Do you have an old 128MB or 256MB USB Flash Drive in the back of your desk drawer gathering dust? If so, you can put that dusty old drive to use again as a Password Reset Disk for Microsoft Windows 7.
In this edition of the Windows Desktop Report, I'll show you how to create and use a Password Reset Disk in Windows 7. As I do, I'll show you how to use a USB Flash Drive rather than a CD or floppy disk.
(Keep in mind that the same procedure can be used in Windows Vista.)
This blog post is also available in PDF format in a TechRepublic download.
The USB Flash Disk
Before I show you how to create a Password Reset Disk, let's take a moment to talk about the USB Flash Drive. Now the reason that I'm spotlighting your old, small-capacity USB Flash Drive is that it is really too small to be of much use in today's world due to that fact that portable storage needs are now in the GB range. However, since the Password Reset file weighs in at only 2KB, it is the perfect use for an old USB Flash Drive.To get started, insert your USB Flash Drive and wait for it to be initialized and assigned a drive letter. If there is any data on it, you may want to remove it. Now to make sure that the disk is in the best shape that it can be, you should format it. Right-click on the drive letter in Computer and select the Format command. When you see the Format dialog box, as shown in Figure A, just click the Start button.
You should format the USB Flash Drive before you use it as a Password Reset Disk.
Creating a Password Reset DiskCreating a Password Reset Disk is a pretty straightforward procedure. Once the drive is ready to use, click the Start button and type User Accounts in the Start Search box. Then, press [Enter] or click User Accounts in the results panel. Either way, you'll see the User Accounts window and will need to locate and click Create a Password Reset Disk in the Tasks panel, as shown in Figure B.
When the User Accounts window appears, click Create a Password Reset Disk in the Tasks panel.When you see the Forgotten Password Wizard's Welcome screen, take a look at the information and click Next. When you see the next screen, you'll be prompted to choose your USB Flash Drive's drive letter, as shown in Figure C. To continue, just click Next.
Choose the drive letter assigned to your USB Flash Drive.On the next screen, you'll be prompted to type your password, as shown in Figure D. Then, click Next.
When prompted, you'll type in your password.
As soon as you do, you'll see a progress bar that will move rapidly along to 100 percent. You'll then click Next and will see the last screen in the Forgotten Password Wizard. To complete the operation, click Finish.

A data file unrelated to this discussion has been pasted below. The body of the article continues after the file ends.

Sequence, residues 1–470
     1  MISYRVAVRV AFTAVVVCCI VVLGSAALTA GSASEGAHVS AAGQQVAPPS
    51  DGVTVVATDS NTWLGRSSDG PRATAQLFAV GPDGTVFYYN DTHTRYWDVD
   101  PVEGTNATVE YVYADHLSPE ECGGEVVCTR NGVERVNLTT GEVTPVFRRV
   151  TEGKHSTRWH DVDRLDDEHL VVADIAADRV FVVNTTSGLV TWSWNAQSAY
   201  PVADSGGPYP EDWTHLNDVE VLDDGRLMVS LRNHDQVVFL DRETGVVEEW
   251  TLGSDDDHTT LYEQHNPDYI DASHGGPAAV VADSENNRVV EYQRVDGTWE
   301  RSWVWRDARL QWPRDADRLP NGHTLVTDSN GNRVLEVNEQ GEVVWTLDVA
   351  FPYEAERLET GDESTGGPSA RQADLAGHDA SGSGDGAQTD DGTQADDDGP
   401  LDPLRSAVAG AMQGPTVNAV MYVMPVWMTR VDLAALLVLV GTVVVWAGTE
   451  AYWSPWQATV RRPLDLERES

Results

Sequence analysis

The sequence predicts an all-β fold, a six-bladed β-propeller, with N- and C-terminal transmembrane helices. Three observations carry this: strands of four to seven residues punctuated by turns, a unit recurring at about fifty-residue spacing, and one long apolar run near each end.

You should then click the Safely Remove Hardware and Eject Media icon, choose your USB Flash Drive's drive letter, and then, when prompted to do so, remove the drive. You should label the drive and put it away in a safe place.
Now, you may be tempted to label the drive "Password Reset." However, since anyone who happens upon this drive can use it to bypass your password and break in to your computer, I suggest a more subtle label — something that will help you recognize the drive but that isn't so obvious.
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Using a Password Reset DiskIf you ever forget and type in an incorrect password, the login screen will change and an error message will appear like the one shown in Figure E. To continue, you will have to click OK.
At this point, the only thing you can do is click OK.You'll then return to the login screen and will see a message appear below the Password box, as shown in Figure F. At this point, you'll insert your USB Flash Drive and wait for it to be initialized and assigned a drive letter. Then, to launch the Password Reset Wizard, you'll click the Reset Password message.
To launch the Password Reset Wizard, you'll click the Reset Password message.When you see the Password Reset Wizard's Welcome screen, take a look at the information and click Next. In the next screen, you'll be prompted to choose your USB Flash Drive's drive letter, as shown in Figure G. To continue, just click Next.
Choose the drive letter assigned to your USB Flash Drive.Once you select the drive, the Password Reset Wizard will open the saved file, read your saved password, and perform a few operations in the background. The wizard will then prompt you to create a new password, confirm it, as well as create a new hint, as shown in Figure H.
You'll need to create a new password, confirm it, and create a new hint.
Once you've filled in the text boxes, click Next. You'll then see the success screen and will need to click Finish to complete the operation. You can now use the new password to log on to your Windows 7 system.
As soon as you use the Password Reset Wizard to change your password, the information in the password reset file on the USB Flash Drive will be outdated. Therefore, as soon as you log back in to Windows, you should run the Forgotten Password Wizard again and create a new password reset file.
What's your take?
Have you used a password reset disk in Windows before? What was your experience? Now that you can use a USB Flash Drive, do you think that the procedure will be easier?
Greg Shultz is a freelance Technical Writer. Previously, he has worked as Documentation Specialist in the software industry, a Technical Support Specialist in educational industry, and a Technical Journalist in the computer publishing industry.